Laborer Apprentices Earn Journeyperson Status

January 20, 2016 7:00 AM EST

AZUSA, Calif.–(BUSINESS WIRE)–The Laborers’ Training and Retraining Trust of Southern California (The Laborers’ School) has strengthened Southern California’s construction industry once again. On Saturday January 16th, 449 men and women earned their journeyperson credentials after completing a Laborer Apprenticeship Program in Southern California. 432 apprentices graduated from the Construction Craft Laborer program while another 17 graduated from the Laborers Landscape & Irrigation program in 2015.

“These graduates sacrificed a great deal of personal time and put in numerous hours of training, in the classroom and on the job to earn journeyperson credentials” said Armando Esparza, Business Manager of the Southern California District Council of Laborers (SCDCL). “Their dedication illustrates their value to the construction industry and strengthens this union. I thank them and congratulate them on their accomplishment.”

Before entering the apprenticeship program, candidates must attend an orientation, pass a drug test, and complete a boot camp to ensure they are ready for the physical demands of the industry. Once enrolled, each apprentice must complete 224 hours of classroom instruction and log at least 3,000 hours of on-the-job training to become a journeyperson. Apprentices are exposed to virtually all segments of the construction industry and receive Cal/OSHA required certifications and equipment endorsements.

Ricardo Ayala, owner of Ayala Engineering recognized the Laborers’ Training Center and its apprenticeship program. “The Laborers’ apprenticeship program is a fantastic resource to companies like mine,” he said. “The apprentices receive first-class training. The training gives them the skills for the job, but the program also provides them the dedication they need to be successful. As an owner of a small construction company, I can use all the skilled and dedicated employees I can get.”

“The apprentices truly earn their journeyperson status because this program is not a walk in the park,” said Scott Gordon, Laborers’ School Executive Director. “About half of all apprentices that enroll, either drop out or are dismissed from the program. But for those that do graduate, it doesn’t necessarily mark the end of training for them,” stressed Gordon. “We encourage apprentices to continue their education at the training center to expand their career opportunities. Determined laborers have the ability to move up to management positions or even start their own construction company like Ricardo of Ayala Engineering.”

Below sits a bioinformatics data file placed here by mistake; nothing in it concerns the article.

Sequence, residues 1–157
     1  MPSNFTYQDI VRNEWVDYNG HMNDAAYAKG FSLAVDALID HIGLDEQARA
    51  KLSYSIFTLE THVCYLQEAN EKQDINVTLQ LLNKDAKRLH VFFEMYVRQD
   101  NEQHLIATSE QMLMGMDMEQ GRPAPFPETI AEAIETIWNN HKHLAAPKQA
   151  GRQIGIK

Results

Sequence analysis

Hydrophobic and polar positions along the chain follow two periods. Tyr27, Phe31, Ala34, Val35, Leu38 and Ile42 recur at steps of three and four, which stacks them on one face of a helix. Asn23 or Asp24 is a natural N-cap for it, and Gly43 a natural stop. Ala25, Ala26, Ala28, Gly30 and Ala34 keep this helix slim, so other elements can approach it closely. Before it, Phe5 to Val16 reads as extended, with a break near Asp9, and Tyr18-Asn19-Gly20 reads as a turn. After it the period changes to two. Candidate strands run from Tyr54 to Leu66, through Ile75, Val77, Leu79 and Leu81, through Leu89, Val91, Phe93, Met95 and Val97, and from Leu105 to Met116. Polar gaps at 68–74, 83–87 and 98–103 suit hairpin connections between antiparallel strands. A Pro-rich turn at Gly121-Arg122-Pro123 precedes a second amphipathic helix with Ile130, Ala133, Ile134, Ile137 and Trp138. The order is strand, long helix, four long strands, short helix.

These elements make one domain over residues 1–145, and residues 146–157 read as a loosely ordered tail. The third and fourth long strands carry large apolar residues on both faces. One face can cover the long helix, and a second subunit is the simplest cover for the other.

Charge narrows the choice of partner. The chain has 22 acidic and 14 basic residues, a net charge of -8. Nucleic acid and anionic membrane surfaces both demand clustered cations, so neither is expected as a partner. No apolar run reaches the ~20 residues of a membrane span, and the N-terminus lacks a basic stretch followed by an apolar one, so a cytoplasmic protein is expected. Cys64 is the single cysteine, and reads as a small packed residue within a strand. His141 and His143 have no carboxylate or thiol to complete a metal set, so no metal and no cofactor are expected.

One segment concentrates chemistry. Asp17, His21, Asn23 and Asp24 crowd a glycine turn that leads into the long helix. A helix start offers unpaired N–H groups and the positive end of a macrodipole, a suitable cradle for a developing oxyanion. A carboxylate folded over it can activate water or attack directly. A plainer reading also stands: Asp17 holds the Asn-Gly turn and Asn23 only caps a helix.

The Laborers’ Training and Retraining Trust of Southern California is a partnership between the Laborers and their signatory contractors. The Laborers’ School operates 12 facilities in Southern California that provide more than 100,000 hours of training every year. The Laborers’ School also offers:

– Five mobile training units that bring training to any work site or location
– More than 140 courses that meet or exceed industry standards
– Three California-Apprenticeship-Council-approved apprenticeship programs
– Instructors credentialed by the California Commission on Teacher Credentialing
– Training processes that are accredited (AC 371) by the International Accreditation Service, an independent, non-profit accreditation body

“This training program, along with the 70 other Laborers’ training funds throughout North America, are integral to our union and the industry,” said Laborers’ International Union of North America (LIUNA) Vice President and Pacific Southwest Regional Manager Rocco Davis. “These graduates are the workforce of today and the next 25 years. And I wholeheartedly believe that our union, our employers and the entire Southern California construction industry is in good hands with each and every apprentice that graduates from this program.”